Prince Harry makes solo private wildlife conservation visit to Africa
Harry returns to Botswana where he wooed Meghan Markle.
Prince Harry has flown alone to Africa on a private fact-finding mission to learn about the latest developments in wildlife conservation.
Harry has been visiting Botswana, a place he loves and knows well – and where he took his fiancee Meghan Markle in the early days of their relationship.
Ms Markle’s engagement ring not only features diamonds from the personal collection of Diana, Princess of Wales, but a stone from Botswana.
The African nation is helping to safeguard the continent’s population of black and white rhino and earlier this week the prince travelled there in his role as UK patron of the organisation Rhino Conservation Botswana (RCB).
A spokeswoman for the organisation said: “Prince Harry is in Africa for a private working trip, focused on organisations working in conservation across the region and learning more about the issues affecting wildlife in the region.”
On Monday at the Chobe Game Lodge, which bills itself as a five-star, fully ecotourism-certified safari lodge, Harry met fellow RCB patron Tshekedi Khama, Botswana’s environment, conservation and tourism minister, and Mike Chase, founder of Elephants Without Borders.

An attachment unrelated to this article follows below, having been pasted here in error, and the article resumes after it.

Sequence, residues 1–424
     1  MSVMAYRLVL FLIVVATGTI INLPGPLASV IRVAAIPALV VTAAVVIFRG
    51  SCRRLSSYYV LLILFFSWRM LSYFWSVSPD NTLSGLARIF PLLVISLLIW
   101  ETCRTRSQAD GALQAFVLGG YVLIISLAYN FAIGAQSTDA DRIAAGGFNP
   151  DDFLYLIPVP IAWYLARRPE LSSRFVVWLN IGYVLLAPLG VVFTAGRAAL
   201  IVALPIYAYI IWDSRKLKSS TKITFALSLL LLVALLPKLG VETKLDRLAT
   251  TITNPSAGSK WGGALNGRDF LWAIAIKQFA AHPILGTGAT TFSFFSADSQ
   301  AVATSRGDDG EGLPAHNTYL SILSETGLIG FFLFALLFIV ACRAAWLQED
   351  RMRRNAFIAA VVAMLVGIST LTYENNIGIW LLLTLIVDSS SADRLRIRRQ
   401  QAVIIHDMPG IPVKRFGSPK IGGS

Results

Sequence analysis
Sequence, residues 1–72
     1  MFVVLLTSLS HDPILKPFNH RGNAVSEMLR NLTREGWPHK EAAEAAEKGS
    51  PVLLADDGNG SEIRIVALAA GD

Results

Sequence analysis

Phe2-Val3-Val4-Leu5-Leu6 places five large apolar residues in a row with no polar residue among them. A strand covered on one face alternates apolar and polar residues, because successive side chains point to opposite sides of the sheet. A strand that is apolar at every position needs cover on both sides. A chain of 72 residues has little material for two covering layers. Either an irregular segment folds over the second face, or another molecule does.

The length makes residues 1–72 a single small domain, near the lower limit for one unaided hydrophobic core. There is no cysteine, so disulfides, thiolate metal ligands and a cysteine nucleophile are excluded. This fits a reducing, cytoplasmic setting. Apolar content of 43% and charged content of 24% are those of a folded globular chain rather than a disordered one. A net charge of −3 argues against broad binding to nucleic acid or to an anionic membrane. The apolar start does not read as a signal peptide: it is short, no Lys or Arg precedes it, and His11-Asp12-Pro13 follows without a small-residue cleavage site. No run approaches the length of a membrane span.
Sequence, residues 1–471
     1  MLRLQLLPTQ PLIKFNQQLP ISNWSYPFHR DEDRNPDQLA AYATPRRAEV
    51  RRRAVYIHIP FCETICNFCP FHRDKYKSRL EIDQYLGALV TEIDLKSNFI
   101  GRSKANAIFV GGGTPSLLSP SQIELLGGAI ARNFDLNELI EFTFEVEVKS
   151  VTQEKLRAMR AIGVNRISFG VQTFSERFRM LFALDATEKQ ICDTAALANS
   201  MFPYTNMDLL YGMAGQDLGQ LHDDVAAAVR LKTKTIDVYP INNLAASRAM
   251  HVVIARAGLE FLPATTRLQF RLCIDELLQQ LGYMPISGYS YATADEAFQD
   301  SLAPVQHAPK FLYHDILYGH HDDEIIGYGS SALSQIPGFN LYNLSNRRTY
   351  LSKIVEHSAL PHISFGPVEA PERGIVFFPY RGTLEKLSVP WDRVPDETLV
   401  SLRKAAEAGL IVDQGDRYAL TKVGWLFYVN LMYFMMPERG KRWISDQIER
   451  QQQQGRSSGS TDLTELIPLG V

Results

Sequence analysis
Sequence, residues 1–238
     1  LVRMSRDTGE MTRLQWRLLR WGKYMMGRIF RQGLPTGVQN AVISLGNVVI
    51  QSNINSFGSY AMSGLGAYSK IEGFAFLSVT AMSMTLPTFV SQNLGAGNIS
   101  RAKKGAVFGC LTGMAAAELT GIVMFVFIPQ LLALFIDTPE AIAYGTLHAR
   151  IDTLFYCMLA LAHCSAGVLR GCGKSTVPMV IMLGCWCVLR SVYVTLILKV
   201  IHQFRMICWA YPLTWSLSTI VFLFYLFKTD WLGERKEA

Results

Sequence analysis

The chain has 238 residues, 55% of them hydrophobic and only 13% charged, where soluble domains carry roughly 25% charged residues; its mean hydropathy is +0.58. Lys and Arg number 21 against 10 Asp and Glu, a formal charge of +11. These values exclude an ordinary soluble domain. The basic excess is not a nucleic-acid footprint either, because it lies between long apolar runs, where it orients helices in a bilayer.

During a television interview to mark his engagement, Harry revealed how he persuaded Ms Markle to visit Botswana with him as their romance blossomed in 2016, and how they “camped out with each other under the stars” for five days.
That same year Harry joined an RCB operation to help protect black rhinos in Botswana, clearing thorn bushes from around sedated rhinos so tracking equipment could be fitted.
He also monitored the animals’ breathing and heart rate and helped to keep them cool with water.
Harry spent part of Thursday visiting the headquarters of the RCB before he travelled to neighbouring South Africa to meet staff at the headquarters of African Parks.
In December it was announced that Harry had become the president of the organisation which aims to manage national parks on behalf of governments and to advance wildlife conservation.